Monday, June 30, 2014

Are Households Really Deleveraging? (excerpt)

The Fed’s flow of funds data provide some support for the notion that financial firms and households have been deleveraging. Of course, the full story is that mortgage borrowers, on balance, stopped borrowing during the current economic expansion. They stopped doing so for all sorts of reasons. Mortgage credit has become harder to obtain, and terms have been tightened. Until the past two years, falling home prices curbed buyers’ enthusiasm. When prices rebounded, as institutional investors piled into the housing market, affordability became an issue again, especially given the ongoing credit crunch in the mortgage market.

One of the big drags on home sales has been a dearth of first-time buyers because many people who might otherwise be buying their first homes have graduated from college with onerous student loans. These are included in nonrevolving consumer credit along with auto loans. This category rose to a record $2.3 trillion during April, with student loans accounting for roughly half of this total.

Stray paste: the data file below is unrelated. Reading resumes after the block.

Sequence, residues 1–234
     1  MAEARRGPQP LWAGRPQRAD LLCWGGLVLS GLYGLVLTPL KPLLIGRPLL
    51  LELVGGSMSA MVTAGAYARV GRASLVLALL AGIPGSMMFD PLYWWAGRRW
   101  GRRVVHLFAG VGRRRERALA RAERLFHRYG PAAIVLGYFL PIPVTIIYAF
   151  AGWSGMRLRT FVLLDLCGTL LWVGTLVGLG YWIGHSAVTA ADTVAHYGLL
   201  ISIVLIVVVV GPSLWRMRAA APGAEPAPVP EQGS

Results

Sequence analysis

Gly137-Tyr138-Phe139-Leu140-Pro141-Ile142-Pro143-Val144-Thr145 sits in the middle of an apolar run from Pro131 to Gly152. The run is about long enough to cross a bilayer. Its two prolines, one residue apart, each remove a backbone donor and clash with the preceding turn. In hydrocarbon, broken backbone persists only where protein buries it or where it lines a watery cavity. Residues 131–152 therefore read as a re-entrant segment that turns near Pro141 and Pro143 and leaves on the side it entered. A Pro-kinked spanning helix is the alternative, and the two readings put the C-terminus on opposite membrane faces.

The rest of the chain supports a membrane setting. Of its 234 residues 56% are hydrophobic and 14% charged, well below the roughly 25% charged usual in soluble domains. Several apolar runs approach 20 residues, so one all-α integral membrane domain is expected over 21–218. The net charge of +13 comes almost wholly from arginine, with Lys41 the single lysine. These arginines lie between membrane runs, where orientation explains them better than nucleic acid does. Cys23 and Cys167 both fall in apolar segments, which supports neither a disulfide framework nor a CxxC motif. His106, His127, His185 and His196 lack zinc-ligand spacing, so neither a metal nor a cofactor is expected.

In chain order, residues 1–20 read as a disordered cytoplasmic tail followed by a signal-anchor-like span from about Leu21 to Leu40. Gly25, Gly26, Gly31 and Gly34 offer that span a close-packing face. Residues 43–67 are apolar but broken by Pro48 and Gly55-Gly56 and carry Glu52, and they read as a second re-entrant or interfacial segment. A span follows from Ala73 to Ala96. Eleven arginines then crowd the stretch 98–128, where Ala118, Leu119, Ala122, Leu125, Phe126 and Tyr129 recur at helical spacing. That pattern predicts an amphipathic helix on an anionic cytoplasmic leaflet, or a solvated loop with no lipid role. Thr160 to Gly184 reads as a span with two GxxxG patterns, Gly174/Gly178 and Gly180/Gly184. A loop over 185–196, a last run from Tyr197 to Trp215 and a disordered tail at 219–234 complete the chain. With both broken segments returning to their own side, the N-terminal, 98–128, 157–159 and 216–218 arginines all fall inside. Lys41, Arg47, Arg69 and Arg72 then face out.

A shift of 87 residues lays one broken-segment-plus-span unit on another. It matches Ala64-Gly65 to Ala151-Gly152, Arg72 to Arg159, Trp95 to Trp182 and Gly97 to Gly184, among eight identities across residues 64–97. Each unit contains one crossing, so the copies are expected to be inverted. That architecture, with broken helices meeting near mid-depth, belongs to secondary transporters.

Large student debt burdens disqualify many young adults from getting mortgage loans, especially if they’ve been delinquent in their payments. Many of the individual loan balances are equivalent to the amount of down payment for the houses they might have bought but for their student debt burdens. That helps to explain the drop in the homeownership rate of adults under 35 years old from a record high of 43.6% during Q2-2004 to 36.2% during Q1-2014.

Today's Morning Briefing: Deleveraging Reality & Myth. (1) The long goodbye. (2) A 50% expansion. (3) The balance-sheet-recession theory. (4) Warsh and Druckenmiller weigh in. (5) Sympathy for the ideology, not its logic. (6) The deleveraging hypothesis also has some holes. (7) Financial sector has deleveraged and de-securitized. (8) Have households really deleveraged? It’s a complicated story. (9) Student debt depressing students and housing. (10) No shortage of nonfinancial business debt. (11) Leviathan lives on debt. (More for subscribers.)

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